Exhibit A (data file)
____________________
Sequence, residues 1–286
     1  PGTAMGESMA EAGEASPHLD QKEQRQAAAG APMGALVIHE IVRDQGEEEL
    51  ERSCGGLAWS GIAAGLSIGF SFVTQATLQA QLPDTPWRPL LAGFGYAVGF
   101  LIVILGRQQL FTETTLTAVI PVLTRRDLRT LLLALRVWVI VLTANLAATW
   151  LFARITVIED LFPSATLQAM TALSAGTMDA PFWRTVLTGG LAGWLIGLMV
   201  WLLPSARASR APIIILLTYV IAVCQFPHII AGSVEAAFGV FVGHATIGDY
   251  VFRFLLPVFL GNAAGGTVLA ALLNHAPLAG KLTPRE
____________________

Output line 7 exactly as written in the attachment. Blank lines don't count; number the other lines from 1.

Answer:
   251  VFRFLLPVFL GNAAGGTVLA ALLNHAPLAG KLTPRE